Former BBC staffer and Newsnight journalist Paul Mason and Tory MP Ken Clarke are talking about the steel industry on BBC Newsnight. The one thing you can’t escape noticing is how often Mason gurns and interrupts. The other thing is that not so long ago Mason was presented to viewers as a unpartisan expert, Newsnight’s Economics Editor giving it to us straight:
Big news. The Indy says “Jeremy Corbyn overtakes David Cameron in leadership satisfaction ratings”.
The Ipsos MORI poll showed Mr Corbyn up ten points and David Cameron down ten points after last week’s Budget
Corbyn is popular?
Mr Corbyn is now on net -11 while Mr Cameron is on net -25 with the pollster.
Phew! No, he’s not. Unpack your bag, Jews of Britain. Things will be ok for a while yet.
There has been speculation that Mr Corbyn’s satisfaction rating with the pollster – his highest with any firm – may also be exaggerated by Conservatives saying they are satisfied with what they perceive as his poor performance.
Who was polled?
Other pollsters ask different question formulations – including whether a leader is “doing a good job” – which would likely shed light on whether the shift represents a real move in support.
The boost for Mr Corbyn however comes amid a number of pollsters showing Labour drawing nearly level, level, or slightly above the Tories in voting intention.
A -11 rating for an Opposition leader after a divisive budget is a ‘boost’?
The Indy does not mention that George Osborne’s satisfaction ratings equal his worst ever following the budget. And the paper completely fails to mention that Nigel Farage is the real winner:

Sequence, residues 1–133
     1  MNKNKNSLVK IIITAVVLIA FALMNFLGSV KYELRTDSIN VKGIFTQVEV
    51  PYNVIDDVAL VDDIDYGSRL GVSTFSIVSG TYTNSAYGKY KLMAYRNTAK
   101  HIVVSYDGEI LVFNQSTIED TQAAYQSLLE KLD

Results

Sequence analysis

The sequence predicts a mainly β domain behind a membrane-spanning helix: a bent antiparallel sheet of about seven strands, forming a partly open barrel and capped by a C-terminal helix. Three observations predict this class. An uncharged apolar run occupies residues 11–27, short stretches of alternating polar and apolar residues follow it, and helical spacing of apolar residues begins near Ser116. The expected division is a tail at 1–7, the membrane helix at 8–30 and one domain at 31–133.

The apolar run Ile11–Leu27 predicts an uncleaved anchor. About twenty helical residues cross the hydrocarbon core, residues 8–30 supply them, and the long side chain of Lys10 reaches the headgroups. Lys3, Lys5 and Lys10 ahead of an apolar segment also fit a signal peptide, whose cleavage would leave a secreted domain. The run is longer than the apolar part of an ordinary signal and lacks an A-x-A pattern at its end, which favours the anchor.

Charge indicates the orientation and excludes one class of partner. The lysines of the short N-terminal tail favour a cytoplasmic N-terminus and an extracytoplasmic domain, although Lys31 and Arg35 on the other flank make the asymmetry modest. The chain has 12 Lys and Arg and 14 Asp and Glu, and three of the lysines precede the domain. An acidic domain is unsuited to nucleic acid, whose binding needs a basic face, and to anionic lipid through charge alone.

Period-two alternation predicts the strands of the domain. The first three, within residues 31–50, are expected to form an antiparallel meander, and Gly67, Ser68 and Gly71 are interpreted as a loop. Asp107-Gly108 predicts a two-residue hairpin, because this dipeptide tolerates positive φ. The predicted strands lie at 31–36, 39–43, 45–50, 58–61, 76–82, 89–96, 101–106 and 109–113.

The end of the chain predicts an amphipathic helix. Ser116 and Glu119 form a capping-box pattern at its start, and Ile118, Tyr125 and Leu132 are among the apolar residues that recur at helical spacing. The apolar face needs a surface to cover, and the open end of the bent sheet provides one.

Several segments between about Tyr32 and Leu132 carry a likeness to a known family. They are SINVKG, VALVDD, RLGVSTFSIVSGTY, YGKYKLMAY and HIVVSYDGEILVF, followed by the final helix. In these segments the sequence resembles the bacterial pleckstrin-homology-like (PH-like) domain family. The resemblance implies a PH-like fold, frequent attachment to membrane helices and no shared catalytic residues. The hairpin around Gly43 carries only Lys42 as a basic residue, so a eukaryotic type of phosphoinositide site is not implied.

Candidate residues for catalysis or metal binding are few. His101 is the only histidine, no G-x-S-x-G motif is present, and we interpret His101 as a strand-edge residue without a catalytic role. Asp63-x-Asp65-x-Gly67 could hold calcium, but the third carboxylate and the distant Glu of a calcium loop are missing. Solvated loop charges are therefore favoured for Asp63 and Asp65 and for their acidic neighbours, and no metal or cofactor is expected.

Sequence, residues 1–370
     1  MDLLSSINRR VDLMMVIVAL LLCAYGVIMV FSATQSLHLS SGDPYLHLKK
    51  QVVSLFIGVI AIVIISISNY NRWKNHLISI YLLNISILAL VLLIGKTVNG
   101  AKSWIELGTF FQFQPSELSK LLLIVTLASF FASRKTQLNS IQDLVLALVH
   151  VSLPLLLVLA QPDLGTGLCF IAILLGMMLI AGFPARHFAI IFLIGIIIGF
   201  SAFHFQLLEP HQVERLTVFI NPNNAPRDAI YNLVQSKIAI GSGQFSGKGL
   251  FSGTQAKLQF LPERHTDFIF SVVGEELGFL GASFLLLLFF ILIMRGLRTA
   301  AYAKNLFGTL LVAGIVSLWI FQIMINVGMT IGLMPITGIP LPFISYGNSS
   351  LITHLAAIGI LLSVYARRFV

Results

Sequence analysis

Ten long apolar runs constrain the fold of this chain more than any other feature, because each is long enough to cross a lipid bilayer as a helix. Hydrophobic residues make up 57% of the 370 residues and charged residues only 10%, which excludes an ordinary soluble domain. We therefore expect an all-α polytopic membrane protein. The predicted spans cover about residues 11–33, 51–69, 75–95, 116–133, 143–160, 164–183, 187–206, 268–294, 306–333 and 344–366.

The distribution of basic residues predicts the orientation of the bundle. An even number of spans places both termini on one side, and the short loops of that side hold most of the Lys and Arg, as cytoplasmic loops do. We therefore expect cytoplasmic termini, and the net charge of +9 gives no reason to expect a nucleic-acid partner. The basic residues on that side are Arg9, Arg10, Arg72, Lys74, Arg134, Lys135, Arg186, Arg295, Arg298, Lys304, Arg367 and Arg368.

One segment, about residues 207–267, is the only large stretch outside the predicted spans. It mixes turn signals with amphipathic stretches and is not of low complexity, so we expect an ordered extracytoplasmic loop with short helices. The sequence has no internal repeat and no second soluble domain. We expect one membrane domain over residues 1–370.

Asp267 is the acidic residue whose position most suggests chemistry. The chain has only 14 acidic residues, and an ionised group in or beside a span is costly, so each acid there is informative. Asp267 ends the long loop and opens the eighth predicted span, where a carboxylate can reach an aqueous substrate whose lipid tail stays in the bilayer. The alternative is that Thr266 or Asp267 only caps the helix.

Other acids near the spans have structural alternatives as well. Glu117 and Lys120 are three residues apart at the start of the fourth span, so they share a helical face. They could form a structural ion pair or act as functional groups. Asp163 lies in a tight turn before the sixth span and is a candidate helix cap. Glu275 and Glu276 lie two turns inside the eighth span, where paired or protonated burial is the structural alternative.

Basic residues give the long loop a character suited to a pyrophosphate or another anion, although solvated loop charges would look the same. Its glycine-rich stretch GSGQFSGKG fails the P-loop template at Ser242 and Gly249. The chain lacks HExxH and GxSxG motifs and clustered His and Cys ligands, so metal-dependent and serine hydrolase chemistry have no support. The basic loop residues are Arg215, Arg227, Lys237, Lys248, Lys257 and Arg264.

So toxic is Donald Trump that even seeing his name reduces students to jellies. To Georgia, USA:
Emory University students say they are “in pain” and “afraid” after someone left pro-Donald Trump chalk messages on their Atlanta campus, according to the student newspaper. “I’m supposed to feel comfortable and safe” here,” The Emory Wheel quoted one unnamed student as saying. “But this man is being supported by students on our campus and our administration shows that they, by their silence, support it as well. … I don’t deserve to feel afraid at my school.”
The chalkings appeared overnight, saying “Trump 2016,” according to the newspaper. About 40 students held a protest demanding action from the administration, chanting “You are not listening! Come speak to us, we are in pain!”
That Emory comedy club. What a hoot. It is a parody, right? Wrong:
“I legitimately feared for my life,” Paula Camila Alarcon, a freshman at Emory who identifies as Latino, told The Daily Beast. “I thought we were having a KKK rally on campus. It was deliberate intimidation. Some of us were expecting shootings. We feared walking alone,” freshman Jonathan Peraza added.